Samsung Electronics acquired Southern California oven-and-stove maker Dacor in order to get a foothold in the upscale home appliance market, Samsung Chief Executive Boo-Keun Yoon said Thursday.
Yoon said buying the City of Industry company, a deal announced in August, gave Samsung access without forcing it to undertake the slow process of developing its own in-house brand.
"In order to meet our aspirations in becoming the global leader in home appliances, we needed a premium brand," Yoon said. "We can go faster" by acquiring a company such as Dacor.
The purchase price was not disclosed, but the Korean Economic Daily, citing unnamed sources, pegged the deal at $150 million.
Dacor — short for Distinctive Appliance Corp. — makes and sells high-end home appliances such as ovens, ranges and stoves that are a common sight in luxury homes (much of the cooking-related products sold are produced in the City of Industry). The company has roughly 250 employees.
On Thursday, Yoon and other high-ranking Samsung executives feted the purchase with a celebration at Dacor headquarters. Employees, mostly dressed in white polo shirts embroidered with the words "Samsung Dacor," clinked champagne glasses and ate a blue-and-white iced cake.
Lloyd Greif of Greif & Co., the investment banker who represented Dacor in the deal, has said that he expects Samsung to aggressively market the Dacor brand, including outside the United States. Samsung also gains a new manufacturing hub in Dacor's three-building complex in City of Industry, Greif said.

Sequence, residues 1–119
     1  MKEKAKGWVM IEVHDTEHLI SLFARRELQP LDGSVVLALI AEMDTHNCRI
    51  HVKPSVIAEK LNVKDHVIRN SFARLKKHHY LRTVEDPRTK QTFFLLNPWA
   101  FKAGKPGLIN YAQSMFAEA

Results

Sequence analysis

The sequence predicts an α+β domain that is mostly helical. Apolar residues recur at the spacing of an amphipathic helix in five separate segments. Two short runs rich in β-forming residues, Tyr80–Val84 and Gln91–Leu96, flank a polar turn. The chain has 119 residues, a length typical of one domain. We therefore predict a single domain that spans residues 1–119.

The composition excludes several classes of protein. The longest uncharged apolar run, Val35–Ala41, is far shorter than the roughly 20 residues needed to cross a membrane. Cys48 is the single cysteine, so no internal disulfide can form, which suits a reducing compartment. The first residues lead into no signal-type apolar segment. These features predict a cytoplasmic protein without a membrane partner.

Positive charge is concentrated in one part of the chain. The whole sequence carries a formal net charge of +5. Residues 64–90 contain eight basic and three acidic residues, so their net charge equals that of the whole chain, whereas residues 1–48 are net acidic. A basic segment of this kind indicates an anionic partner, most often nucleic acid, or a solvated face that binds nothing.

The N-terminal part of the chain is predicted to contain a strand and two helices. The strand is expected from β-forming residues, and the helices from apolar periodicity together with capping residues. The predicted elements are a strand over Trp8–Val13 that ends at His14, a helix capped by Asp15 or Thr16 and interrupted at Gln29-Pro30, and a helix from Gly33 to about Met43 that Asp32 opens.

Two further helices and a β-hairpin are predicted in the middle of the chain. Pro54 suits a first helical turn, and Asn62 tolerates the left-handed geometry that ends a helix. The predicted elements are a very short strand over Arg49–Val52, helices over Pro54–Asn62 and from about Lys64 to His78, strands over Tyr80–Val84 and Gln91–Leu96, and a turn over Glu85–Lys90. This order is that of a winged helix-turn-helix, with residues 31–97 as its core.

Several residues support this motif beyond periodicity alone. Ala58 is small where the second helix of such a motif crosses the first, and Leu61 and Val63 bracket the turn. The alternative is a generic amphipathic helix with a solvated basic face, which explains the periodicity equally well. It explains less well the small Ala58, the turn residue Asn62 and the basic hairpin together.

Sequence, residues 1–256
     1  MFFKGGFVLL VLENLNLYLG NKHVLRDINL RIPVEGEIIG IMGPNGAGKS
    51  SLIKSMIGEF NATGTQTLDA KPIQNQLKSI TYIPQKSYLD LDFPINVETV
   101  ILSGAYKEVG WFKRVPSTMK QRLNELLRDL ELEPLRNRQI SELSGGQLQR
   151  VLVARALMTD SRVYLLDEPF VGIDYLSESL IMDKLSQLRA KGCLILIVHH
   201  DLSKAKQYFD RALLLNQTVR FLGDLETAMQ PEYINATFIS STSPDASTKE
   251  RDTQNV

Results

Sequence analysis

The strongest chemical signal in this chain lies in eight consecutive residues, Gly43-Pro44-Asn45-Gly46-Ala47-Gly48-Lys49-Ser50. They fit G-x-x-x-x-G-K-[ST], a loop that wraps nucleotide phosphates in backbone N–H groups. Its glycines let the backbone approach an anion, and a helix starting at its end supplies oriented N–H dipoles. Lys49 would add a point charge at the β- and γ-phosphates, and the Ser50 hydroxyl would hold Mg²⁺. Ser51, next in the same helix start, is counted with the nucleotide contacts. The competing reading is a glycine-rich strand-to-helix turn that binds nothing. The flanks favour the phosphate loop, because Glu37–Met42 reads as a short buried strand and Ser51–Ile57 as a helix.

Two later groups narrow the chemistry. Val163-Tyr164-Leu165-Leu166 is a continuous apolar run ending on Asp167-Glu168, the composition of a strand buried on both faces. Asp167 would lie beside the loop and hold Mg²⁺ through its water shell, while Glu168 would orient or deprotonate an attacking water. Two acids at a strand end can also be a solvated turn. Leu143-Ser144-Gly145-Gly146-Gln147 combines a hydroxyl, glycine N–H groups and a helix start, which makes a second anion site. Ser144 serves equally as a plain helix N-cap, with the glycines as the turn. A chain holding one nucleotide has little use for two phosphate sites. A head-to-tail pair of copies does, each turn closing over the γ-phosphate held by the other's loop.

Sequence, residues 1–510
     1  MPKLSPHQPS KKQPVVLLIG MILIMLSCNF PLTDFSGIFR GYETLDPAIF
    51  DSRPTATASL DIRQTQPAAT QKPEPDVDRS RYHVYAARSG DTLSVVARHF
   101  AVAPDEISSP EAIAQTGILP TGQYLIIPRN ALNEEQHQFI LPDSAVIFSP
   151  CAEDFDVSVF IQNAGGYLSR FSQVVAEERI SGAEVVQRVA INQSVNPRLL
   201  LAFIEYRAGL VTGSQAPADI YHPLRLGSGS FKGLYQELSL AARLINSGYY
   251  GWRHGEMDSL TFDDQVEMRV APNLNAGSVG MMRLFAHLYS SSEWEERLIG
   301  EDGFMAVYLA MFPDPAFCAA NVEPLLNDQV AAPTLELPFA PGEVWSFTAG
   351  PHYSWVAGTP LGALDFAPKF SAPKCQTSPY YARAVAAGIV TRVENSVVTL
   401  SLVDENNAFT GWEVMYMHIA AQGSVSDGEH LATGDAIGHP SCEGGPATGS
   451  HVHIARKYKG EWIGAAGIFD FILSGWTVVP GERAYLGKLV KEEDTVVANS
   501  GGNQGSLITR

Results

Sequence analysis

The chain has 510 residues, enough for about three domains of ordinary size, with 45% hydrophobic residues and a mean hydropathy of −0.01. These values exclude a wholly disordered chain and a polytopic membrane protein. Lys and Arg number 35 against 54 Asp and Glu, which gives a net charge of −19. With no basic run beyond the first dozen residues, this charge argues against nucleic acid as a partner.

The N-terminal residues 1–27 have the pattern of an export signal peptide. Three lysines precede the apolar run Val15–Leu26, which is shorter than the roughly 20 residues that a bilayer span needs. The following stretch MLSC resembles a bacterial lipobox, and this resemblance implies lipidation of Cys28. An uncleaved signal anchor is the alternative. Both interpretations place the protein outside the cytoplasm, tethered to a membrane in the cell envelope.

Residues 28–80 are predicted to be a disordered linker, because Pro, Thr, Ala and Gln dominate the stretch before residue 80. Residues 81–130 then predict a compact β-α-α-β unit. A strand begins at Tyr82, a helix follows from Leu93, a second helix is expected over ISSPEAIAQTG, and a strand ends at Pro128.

"Samsung is driven to be No. 1 across the board," he said.
Gregory Lee, head of Samsung Electronics in North America, said the company has found that consumers are increasingly interested in appliances that do more than just cook food and keep produce from spoiling. He pointed to Samsung's Family Hub refrigerator, which enables people to see photos of what's inside via their phones and send notes and reminders via the Wi-Fi connected touchscreen (it also plays music).
Smart appliances are among the items Samsung found attractive about Dacor. The company already sells a smart oven with an integrated tablet. The Korea Economic Daily reported Dacor has about $45 million in estimated annual sales.
Dacor was founded in 1965. But its roots trace back to 1948, when brothers Stan and Anthony Joseph started selling ventilation hoods under the Stanthony Corp. name, according to the company website.
Yoon's visit comes as the CEO is facing pressure following the high-profile recall of Samsung's Galaxy Note 7 smartphones after reports of batteries catching fire or exploding.
On Thursday, Yoon declined to comment on the recall.
"I'm not in a position to answer about mobile phones," he said. "I'm in charge of consumer electronics."